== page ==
Reviewed: Fender Monterey and Newport Bluetooth Speakers
Imagine what it must be like being the biggest instrument manufacturer in the world. Not only are you the progenitor of one of the biggest paradigm shifts in music history, but you’ve also consistently raised the benchmark for quality builds and ingenious design for decades. You’ve just launched yet another successful and sought after series of instruments that smokes the competition and you’re looking for a little fun project to keep things interesting. What’s a huge instrument company to do? The answer lies in the satellite interests that keep your loyal army of propeller heads frothing. Why do these people play guitar? Because of their love of music. What do they do with music other than play it? Listen to it. What’s the newest and most innovative way to listen to music to emerge in recent years? Enter Fender’s new Monterey and Newport Bluetooth Speaker systems.
REVIEWED: VOX AMPLIFIERS BC108 1x8” SPEAKER CABINET
Vox have been synonymous with more than a few famous guitarists throughout the years. The legacy has continued on, and many still worship the AC30 and its various brethren. Along with their distinctive tones, Vox have always had a refined classic look to boot. Following in the ‘mini’ styling that is seemingly everywhere in the guitar world of late, Vox have released the BC108 speaker cab. Designed as a companion for the MV50 head, it is intended to be small, compact and portable yet still capable of handling a bit of ruckus.
REVIEWED: DV MARK EVO 1 GUITAR MODELING HEAD
As with all of DV Mark’s builds, the walk through of the front face of the Evo 1 is as simple as they come. All of the models contained within this powerful 250-watt steel box are personalised by a simple three-way EQ stage. You have at your behest two independent high and low gain channels coupled with both active and passive input stages and a tuner/mute switch for simple, rack style chromatic tuning. You can drive the front and back end of either channel as hard or as soft as you like with the input and output controls sailing through to a shared master volume holding everything to the same standard and the boost knob will send your solos sailing no matter which side of the road you’re riding on. All in all it is a perfectly usable amp; not unlike the mainstays of the DV Mark catalogue.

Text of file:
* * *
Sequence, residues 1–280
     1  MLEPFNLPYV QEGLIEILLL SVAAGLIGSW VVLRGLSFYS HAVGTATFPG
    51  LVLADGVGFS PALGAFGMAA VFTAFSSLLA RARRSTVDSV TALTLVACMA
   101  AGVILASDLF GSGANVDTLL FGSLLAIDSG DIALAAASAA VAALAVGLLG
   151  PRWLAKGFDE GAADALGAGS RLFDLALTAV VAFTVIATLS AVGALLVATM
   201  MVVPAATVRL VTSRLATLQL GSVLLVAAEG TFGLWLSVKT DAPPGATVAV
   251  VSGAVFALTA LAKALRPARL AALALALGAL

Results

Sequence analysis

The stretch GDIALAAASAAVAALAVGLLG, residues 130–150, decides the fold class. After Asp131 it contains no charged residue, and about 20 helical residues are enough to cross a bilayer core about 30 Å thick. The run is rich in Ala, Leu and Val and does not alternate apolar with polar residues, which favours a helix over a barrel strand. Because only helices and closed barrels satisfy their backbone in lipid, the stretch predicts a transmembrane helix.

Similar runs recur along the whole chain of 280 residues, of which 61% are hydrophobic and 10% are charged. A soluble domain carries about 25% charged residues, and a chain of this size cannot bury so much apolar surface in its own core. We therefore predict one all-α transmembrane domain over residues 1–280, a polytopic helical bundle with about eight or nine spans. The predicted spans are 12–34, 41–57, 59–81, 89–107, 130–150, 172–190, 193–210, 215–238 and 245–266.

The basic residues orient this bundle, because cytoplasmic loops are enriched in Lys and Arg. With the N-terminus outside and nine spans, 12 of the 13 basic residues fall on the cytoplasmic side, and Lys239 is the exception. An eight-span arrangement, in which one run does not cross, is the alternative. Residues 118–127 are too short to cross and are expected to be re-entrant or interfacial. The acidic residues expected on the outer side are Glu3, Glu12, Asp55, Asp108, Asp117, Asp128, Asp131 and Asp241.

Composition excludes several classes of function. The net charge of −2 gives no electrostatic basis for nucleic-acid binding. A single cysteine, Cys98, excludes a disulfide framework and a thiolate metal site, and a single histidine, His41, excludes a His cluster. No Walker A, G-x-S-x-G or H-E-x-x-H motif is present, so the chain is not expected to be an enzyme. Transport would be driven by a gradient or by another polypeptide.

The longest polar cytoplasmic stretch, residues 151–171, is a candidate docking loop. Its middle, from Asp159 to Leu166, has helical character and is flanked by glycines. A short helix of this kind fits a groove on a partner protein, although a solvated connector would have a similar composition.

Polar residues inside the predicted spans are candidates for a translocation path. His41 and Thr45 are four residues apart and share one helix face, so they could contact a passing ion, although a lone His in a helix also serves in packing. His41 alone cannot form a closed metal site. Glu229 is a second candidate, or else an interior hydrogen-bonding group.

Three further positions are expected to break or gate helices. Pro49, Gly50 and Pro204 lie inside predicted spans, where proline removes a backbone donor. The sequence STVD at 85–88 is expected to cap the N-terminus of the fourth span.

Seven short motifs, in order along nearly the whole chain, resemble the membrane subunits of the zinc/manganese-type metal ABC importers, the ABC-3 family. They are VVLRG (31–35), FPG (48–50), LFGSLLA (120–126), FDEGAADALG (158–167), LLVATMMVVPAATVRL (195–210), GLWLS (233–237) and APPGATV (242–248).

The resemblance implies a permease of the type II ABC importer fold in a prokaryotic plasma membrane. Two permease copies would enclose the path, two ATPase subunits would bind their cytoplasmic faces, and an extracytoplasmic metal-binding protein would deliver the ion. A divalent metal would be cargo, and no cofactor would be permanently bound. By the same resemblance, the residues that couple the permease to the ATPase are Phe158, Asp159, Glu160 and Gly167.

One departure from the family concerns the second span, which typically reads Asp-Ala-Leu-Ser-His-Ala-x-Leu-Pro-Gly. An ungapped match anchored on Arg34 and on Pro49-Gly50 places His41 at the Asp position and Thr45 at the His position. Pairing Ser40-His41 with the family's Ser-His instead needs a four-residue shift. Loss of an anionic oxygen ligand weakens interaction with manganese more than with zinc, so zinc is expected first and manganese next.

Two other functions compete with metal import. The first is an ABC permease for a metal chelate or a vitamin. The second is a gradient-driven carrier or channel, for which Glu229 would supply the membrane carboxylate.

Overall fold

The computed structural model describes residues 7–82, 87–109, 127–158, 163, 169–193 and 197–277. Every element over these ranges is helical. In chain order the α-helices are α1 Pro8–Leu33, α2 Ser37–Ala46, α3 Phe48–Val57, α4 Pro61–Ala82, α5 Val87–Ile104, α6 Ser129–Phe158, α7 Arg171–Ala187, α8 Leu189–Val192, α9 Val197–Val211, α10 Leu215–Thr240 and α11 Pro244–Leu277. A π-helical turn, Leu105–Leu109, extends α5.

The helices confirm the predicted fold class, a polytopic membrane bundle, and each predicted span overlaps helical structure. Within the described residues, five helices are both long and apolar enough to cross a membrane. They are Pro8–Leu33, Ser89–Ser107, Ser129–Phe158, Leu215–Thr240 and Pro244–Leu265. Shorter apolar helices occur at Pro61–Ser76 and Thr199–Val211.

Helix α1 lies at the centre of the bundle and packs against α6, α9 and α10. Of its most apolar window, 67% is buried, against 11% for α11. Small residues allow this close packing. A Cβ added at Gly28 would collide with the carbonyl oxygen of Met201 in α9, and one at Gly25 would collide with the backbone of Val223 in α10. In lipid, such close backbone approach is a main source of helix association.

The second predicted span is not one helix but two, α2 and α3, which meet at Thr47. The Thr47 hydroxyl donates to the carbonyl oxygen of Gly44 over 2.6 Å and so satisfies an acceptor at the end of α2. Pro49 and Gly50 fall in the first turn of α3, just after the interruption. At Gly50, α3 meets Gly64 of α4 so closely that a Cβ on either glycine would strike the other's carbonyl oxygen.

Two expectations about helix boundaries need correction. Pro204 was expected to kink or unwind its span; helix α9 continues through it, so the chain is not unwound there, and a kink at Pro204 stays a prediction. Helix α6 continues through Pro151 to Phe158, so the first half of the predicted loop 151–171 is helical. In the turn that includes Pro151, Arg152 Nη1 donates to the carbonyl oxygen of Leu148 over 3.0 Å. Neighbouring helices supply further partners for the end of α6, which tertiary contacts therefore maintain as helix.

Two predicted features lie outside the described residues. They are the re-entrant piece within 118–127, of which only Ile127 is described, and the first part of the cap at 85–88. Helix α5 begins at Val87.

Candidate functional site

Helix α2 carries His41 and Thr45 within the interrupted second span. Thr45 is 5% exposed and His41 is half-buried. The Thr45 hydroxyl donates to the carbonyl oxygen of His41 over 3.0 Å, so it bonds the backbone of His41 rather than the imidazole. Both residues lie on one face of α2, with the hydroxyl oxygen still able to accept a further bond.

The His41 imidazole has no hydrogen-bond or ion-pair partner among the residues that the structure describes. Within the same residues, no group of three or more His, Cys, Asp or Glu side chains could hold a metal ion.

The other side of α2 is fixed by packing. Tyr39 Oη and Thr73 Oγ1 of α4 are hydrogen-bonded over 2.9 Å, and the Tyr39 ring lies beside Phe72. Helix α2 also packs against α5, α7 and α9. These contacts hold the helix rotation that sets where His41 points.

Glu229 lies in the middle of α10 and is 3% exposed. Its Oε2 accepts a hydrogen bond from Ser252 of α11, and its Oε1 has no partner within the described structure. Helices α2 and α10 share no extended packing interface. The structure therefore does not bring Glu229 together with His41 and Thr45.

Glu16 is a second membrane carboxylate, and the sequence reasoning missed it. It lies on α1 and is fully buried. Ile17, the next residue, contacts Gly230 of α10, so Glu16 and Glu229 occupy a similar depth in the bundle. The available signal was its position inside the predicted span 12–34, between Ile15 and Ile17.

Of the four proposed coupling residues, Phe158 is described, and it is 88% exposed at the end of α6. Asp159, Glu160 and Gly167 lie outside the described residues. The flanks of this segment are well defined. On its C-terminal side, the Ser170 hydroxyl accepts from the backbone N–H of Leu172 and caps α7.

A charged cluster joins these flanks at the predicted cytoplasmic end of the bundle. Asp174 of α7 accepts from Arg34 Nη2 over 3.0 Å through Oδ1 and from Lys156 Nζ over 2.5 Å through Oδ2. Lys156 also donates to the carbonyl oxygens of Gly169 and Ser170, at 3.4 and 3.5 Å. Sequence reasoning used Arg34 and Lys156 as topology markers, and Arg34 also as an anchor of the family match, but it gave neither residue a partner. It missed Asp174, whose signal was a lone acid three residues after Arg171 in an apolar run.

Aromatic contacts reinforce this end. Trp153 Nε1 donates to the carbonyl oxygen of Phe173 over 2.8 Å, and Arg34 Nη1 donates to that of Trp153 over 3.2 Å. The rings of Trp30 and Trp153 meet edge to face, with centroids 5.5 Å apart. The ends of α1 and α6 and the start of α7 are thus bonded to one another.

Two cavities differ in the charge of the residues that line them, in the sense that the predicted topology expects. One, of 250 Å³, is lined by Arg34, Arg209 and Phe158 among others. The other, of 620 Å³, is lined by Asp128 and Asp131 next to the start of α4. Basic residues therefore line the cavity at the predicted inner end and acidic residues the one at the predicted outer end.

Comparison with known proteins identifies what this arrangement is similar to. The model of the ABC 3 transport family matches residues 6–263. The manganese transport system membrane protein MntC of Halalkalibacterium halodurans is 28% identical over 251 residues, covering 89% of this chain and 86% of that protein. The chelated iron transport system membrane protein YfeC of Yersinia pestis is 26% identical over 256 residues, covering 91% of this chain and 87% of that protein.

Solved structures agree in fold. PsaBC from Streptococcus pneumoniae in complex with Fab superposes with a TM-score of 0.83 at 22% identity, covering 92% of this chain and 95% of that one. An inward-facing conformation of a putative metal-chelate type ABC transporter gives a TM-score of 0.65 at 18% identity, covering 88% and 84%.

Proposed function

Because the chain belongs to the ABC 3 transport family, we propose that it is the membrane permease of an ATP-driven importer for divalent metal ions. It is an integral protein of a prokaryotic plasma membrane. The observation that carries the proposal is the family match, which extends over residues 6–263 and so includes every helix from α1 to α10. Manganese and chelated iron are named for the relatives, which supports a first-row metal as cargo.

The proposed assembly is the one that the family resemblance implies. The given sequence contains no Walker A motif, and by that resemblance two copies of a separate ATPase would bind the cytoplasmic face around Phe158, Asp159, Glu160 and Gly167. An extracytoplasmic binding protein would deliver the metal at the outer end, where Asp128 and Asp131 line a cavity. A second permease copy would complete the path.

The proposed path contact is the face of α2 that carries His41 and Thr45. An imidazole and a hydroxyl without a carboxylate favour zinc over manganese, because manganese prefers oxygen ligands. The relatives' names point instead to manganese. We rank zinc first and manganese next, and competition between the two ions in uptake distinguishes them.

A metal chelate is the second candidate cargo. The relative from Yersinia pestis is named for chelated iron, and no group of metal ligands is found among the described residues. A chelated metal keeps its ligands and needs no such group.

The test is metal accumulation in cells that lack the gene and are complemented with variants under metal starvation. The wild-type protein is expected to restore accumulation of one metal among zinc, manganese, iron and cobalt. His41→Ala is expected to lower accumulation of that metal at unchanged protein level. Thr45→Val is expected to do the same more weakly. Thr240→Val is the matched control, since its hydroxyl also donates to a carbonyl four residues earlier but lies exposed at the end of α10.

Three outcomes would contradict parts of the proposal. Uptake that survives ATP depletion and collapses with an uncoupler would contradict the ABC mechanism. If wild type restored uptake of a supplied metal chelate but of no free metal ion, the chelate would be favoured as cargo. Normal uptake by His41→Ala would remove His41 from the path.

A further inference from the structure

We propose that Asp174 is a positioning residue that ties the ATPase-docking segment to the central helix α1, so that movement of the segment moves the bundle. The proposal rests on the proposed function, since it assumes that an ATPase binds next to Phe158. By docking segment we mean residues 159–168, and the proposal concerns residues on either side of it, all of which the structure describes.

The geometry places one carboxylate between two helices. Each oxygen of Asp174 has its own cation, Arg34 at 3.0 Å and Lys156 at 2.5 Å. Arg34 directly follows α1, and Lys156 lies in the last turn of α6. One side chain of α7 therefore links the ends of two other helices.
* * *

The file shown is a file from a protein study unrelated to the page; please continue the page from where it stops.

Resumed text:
Reviewed: Fender Acoustic 100 amplifier
Nothing is more intimate than the relationship between a guitar player and their favourite, well-worn acoustic. The two are pressed close at the torso, sewn together by the vibration that one coerces from the strings of the other, the former hunched over the latter like a mother cradling her child. For most of us, this is the image of what it was like to fall in love with the instrument in the first place. Eventually, that romantic entanglement is augmented by the all too human desire to make oneself known, and the idea of performance comes flitting through the window. While there are ways and means of using electric guitar amps for projection purposes, most of which only get you to turd polish territory, the specificity of an acoustic focused amplification system has for a long time been the best option outside of relying on beat up, old house DI boxes.
Reviewed: Vox MV50 amplifier series
VOX’s new MV50 line of amps is designed to give you a unique voicing in a teeny tiny configuration blasting out 50 watts of power. There are three amplifiers in the line: MV50 AC, which is based on the venerable VOX AC 30, MV50 Clean, which is ‘inspired by classic American amplifiers’, which usually means Bassman or Twin unless indicated otherwise, and MV50 Rock, which is based on ‘more aggressive tones reminiscent of high gain British amplifiers’, often code for ‘a JCM800’.
REVIEWED: BOGNER GOLDFINGER 54 PHI HEAD
With many classics in their range including the Ecstacy, Uberschall and Shiva, Bogner have also received plenty of attention over the last few years with their Goldfinger range of amps. Harmonically rich for cleans and dirty tones, they really are gigging tone monsters capable of sounding juicy and big at usable volume levels. Adding a twist to the Goldfinger design Bogner have released the 54 Phi onto the guitar playing public – let’s see if it keeps up the Goldfinger name.
REVIEWED: ACUS SOUND ENGINEERING ONE FOR STRINGS 6T SIMON W ACOUSTIC AMPLIFIER
Acoustic sound in louder settings can often be tricky. Recreating the dynamics and nuances of an instrument designed to be played acoustically at higher volumes isn’t the same as just turning up the master volume on an amp with an electric guitar, or cranking the fader on a mixing desk. Acus are very aware of this and have established their business on the premise of focusing purely on acoustic sound reproduction. Acus state their mission as sound design that ‘amplifies acoustic sound with clarity, purity and natural tone’ – sounds like a mighty fine idea to me. Acus’ One For Strings range of amps are designed exactly for that – to amplify acoustic instruments with the 6T sitting somewhere in the middle of their product range.
REVIEWED: LINE 6 SPIDER V 240HC HEAD AND V412 CABINET
Love them or hate them, Line 6 made the first strides towards breaking digital ground in the effects world. Stompbox modelers like the DL4 opened up worlds of opportunities for guitarists across the spectrum and brought the limitlessness of DAW bound plug-in capabilities out of the box, arguably for the first time. Other companies swiftly followed suit and the modeling amplifier age came to pass. As we all know, this is one of the most spirited arguments at the tonal round table, but there is no denying the leaps and bounds that either side has made in the years since this fledgling idea took flight. Today the race to sound as real as possible is as hotly contested as ever and Line 6 take it to the stage with the Spider V 240HC and its partner in crime, the V412 cabinet.